Australasian Plant Pathology

, Volume 34, Issue 3, pp 345–354

Genetic structure of a Mycosphaerella cryptica population

  • Andrew W. Milgate
  • René E. Vaillancourt
  • Caroline Mohammed
  • Mike Powell
  • Brad M. Potts
Article

DOI: 10.1071/AP05044

Cite this article as:
Milgate, A.W., Vaillancourt, R.E., Mohammed, C. et al. Australasian Plant Pathology (2005) 34: 345. doi:10.1071/AP05044

Abstract

We studied the genetic structure of Mycosphaerella cryptica following natural infection of Eucalyptus globulus in a genetic trial. Results from this study indicated significant genetic variation within, and between, E. globulus families (three cloned and control-crossed F2 and four open-pollinated families). Single-ascospore isolates were sampled from 72 E. globulus trees with contrasting levels of resistance within the trial, 21 E. nitens trees in an adjacent plantation, and five distant Eucalyptus plantation trees (two E. globulus 100–2400km; two E. nitens 50–2200 km; one E. grandis × E. tereticornis hybrid 1500 km from the trial). Deoxyribonucleic acid from these isolates was scored for the presence/absence of 75 random amplified polymorphic DNA (RAPD) loci. Only 18 RAPD genotypes, which appeared to recombine rarely, were present among the 98 isolates, which indicates that M. cryptica is not strictly heterothallic. Cluster analysis using genetic distance revealed that M cryptica genotypes from the field trial grouped into two clusters that matched differences in isolate culture morphology, indicating that the fungal population comprised two distinctive biotypes. The two biotypes differed markedly in their host interactions. Biotype 2 was found only on E. globulus, whereas biotype 1 infected both E. globulus and E. nitens eucalypt species. Within E. globulus, biotype 2 was almost exclusively collected on resistant trees whereas biotype 1 was found on both resistant and susceptible trees. The hypothesis that there could be specialisation of M cryptica biotypes occurring at two levels, among host species and within host species, is discussed.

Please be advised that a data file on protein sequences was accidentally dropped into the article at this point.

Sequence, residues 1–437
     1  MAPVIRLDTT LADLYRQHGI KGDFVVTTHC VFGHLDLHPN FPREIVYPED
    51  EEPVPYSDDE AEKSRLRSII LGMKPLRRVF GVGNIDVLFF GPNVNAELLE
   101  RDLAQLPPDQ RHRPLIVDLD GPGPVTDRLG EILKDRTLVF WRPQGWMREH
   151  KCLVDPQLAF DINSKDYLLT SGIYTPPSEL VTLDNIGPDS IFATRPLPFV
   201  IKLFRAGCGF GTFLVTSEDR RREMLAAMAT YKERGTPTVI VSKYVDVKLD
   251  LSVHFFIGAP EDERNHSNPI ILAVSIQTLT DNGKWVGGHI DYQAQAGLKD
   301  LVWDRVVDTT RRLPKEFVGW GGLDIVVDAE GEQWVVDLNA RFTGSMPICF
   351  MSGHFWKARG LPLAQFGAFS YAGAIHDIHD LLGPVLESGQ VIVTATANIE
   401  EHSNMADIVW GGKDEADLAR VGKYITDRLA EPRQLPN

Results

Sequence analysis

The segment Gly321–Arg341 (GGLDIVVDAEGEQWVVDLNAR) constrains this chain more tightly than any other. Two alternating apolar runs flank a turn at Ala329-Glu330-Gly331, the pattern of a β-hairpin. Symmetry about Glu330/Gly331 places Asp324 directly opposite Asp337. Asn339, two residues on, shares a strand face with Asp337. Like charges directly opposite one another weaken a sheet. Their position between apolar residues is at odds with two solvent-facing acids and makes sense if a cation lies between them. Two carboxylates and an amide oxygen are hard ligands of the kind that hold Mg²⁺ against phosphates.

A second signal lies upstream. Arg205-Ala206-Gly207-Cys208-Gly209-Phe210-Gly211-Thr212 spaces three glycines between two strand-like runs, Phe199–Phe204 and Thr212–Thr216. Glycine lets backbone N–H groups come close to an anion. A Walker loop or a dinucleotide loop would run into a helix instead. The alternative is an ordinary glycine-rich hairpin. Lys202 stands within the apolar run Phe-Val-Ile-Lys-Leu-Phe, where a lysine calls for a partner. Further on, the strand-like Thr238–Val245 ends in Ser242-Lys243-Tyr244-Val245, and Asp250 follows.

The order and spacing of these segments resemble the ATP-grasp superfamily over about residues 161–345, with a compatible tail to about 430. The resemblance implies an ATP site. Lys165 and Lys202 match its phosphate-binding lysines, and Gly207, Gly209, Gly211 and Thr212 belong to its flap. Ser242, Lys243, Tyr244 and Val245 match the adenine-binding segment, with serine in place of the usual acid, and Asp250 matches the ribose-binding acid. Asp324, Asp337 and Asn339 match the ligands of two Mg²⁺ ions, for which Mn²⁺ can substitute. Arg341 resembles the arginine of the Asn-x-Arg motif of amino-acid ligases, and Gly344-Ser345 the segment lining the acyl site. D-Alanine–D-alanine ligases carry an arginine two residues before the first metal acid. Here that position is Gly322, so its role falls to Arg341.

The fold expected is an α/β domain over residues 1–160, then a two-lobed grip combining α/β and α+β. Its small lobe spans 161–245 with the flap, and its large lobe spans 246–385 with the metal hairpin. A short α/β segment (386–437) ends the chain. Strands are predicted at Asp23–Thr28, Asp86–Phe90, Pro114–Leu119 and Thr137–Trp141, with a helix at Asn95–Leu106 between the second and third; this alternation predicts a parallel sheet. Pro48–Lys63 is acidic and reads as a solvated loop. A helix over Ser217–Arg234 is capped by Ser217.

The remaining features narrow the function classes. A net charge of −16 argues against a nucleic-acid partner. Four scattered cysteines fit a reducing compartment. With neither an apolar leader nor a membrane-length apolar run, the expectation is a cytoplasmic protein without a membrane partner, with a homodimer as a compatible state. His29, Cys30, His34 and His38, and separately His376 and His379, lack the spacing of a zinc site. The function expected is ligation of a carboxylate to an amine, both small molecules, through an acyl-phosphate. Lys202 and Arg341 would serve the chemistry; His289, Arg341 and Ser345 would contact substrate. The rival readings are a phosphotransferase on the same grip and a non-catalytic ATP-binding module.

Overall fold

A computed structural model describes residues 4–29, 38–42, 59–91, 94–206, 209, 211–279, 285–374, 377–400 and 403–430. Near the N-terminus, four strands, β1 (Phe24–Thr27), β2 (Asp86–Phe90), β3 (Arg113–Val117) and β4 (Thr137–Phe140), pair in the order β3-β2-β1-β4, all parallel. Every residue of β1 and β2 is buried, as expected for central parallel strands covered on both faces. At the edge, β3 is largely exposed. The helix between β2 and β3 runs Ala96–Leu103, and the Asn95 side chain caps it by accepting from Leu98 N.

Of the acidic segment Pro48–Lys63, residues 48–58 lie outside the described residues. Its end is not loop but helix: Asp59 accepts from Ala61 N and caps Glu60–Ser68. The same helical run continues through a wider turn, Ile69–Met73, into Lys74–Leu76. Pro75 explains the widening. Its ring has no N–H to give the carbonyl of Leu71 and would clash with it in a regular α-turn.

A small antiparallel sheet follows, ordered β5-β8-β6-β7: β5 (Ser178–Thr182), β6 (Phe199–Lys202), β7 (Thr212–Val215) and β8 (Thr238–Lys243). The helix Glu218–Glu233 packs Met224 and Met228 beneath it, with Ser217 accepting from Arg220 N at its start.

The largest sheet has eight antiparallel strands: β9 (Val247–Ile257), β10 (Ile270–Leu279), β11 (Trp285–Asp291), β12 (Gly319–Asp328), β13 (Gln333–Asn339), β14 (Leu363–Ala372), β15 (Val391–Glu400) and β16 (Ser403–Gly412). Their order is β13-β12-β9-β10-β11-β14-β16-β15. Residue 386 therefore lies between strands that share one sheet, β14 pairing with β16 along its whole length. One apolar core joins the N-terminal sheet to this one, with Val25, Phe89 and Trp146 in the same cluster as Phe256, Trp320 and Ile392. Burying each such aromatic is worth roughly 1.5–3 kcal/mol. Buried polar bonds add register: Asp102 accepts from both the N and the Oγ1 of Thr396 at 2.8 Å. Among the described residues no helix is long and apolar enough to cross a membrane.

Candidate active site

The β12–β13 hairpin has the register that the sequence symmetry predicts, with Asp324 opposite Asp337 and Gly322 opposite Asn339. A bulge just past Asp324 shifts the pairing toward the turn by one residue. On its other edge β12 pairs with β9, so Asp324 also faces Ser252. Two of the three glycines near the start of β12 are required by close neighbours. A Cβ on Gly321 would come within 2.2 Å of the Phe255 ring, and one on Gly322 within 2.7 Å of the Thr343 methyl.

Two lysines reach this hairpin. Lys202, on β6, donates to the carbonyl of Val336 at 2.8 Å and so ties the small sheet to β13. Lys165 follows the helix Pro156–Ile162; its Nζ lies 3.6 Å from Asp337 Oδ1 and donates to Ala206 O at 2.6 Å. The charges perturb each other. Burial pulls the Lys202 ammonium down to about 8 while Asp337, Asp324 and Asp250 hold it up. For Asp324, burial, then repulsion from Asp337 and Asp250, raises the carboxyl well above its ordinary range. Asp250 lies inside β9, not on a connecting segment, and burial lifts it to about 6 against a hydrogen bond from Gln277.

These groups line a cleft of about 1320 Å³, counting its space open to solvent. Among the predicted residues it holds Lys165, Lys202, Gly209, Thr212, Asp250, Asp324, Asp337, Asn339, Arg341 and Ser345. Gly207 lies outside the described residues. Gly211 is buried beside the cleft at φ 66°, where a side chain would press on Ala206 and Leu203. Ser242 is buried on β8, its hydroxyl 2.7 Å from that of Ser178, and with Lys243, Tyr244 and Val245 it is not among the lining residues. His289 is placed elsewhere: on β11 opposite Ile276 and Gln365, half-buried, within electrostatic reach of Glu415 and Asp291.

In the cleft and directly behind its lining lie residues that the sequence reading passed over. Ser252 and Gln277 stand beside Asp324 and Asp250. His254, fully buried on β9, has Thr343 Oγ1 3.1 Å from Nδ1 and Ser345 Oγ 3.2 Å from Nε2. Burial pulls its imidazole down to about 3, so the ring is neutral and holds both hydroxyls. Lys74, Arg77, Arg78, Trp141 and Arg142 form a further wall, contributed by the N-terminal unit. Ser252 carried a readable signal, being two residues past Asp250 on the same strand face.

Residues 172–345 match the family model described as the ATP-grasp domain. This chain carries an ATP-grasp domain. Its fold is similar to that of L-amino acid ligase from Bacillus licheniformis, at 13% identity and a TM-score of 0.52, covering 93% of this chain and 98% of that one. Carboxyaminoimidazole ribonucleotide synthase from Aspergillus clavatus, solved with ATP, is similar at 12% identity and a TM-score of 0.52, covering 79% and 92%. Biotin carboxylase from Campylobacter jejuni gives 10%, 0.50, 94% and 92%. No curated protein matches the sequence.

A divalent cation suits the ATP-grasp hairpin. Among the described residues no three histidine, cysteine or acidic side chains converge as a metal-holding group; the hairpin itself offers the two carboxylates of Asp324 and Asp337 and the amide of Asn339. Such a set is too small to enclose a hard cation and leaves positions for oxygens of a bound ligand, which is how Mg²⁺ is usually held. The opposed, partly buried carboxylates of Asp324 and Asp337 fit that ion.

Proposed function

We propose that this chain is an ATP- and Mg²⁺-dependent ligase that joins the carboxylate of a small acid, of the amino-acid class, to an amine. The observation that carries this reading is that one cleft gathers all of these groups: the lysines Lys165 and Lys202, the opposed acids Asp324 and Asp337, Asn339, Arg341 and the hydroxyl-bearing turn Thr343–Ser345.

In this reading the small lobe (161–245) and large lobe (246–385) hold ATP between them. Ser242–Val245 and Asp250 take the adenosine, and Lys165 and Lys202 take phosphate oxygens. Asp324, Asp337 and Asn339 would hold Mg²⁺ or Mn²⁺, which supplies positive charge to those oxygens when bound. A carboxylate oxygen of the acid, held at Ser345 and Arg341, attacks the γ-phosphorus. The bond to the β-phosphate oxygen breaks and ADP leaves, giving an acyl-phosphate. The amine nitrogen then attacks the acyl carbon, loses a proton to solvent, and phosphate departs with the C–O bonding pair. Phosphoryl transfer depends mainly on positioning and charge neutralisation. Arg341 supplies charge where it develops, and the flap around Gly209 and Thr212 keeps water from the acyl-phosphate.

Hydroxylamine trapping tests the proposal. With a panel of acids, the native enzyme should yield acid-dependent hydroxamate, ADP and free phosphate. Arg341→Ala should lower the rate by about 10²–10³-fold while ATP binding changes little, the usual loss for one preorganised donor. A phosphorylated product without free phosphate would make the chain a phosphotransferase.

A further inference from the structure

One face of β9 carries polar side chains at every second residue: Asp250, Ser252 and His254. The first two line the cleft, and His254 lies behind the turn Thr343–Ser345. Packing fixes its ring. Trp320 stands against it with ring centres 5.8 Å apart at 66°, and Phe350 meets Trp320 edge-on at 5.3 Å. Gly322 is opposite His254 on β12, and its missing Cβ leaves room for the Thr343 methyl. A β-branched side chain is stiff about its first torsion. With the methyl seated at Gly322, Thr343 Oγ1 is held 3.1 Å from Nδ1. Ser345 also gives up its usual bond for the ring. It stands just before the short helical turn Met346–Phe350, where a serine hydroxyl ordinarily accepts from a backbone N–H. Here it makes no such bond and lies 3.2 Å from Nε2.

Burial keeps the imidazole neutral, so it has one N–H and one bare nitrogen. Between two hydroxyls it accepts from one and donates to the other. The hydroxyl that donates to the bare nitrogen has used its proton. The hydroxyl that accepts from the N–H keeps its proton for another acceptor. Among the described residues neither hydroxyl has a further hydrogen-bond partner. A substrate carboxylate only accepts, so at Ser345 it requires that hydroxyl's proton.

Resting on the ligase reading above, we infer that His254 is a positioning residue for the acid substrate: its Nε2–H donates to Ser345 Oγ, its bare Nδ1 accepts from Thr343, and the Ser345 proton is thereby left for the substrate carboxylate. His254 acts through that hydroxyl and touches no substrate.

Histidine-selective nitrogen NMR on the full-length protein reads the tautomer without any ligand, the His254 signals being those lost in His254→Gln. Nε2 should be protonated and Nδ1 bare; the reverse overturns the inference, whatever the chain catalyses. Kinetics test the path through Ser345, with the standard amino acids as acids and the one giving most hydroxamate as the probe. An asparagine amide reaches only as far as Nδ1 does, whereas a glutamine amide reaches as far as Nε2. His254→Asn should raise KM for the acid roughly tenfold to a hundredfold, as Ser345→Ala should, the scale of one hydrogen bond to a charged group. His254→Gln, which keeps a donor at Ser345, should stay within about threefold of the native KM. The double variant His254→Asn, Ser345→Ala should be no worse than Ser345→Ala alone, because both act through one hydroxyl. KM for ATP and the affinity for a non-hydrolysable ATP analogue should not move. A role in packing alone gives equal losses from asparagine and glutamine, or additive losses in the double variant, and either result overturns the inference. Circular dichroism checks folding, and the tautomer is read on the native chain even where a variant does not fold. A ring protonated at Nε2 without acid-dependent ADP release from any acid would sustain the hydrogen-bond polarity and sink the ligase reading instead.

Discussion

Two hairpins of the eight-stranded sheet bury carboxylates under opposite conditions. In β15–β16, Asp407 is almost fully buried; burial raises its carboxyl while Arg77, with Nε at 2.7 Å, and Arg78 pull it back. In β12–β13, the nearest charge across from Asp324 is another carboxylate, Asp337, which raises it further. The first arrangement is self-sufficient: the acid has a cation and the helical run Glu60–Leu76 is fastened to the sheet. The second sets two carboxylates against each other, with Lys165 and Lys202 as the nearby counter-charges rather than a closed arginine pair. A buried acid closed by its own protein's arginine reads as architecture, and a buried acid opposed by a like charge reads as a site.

Additional keywords

biotypesmating systempopulation structureresistancerecombination

Copyright information

© Australasian Plant Pathology Society 2005

Authors and Affiliations

  • Andrew W. Milgate
    • 1
    • 5
  • René E. Vaillancourt
    • 1
  • Caroline Mohammed
    • 2
  • Mike Powell
    • 3
    • 4
  • Brad M. Potts
    • 1
  1. 1.School of Plant Science and CRC for Sustainable Production ForestryUniversity of TasmaniaHobartAustralia
  2. 2.School of Agricultural ScienceUniversity of TasmaniaHobartAustralia
  3. 3.Gunns LimitedRidgleyAustralia
  4. 4.Southern Tree Breeding Association Inc.Mount GambierAustralia
  5. 5.Wagga Wagga Agricultural InstituteNSW Department of Primary IndustriesWagga WaggaAustralia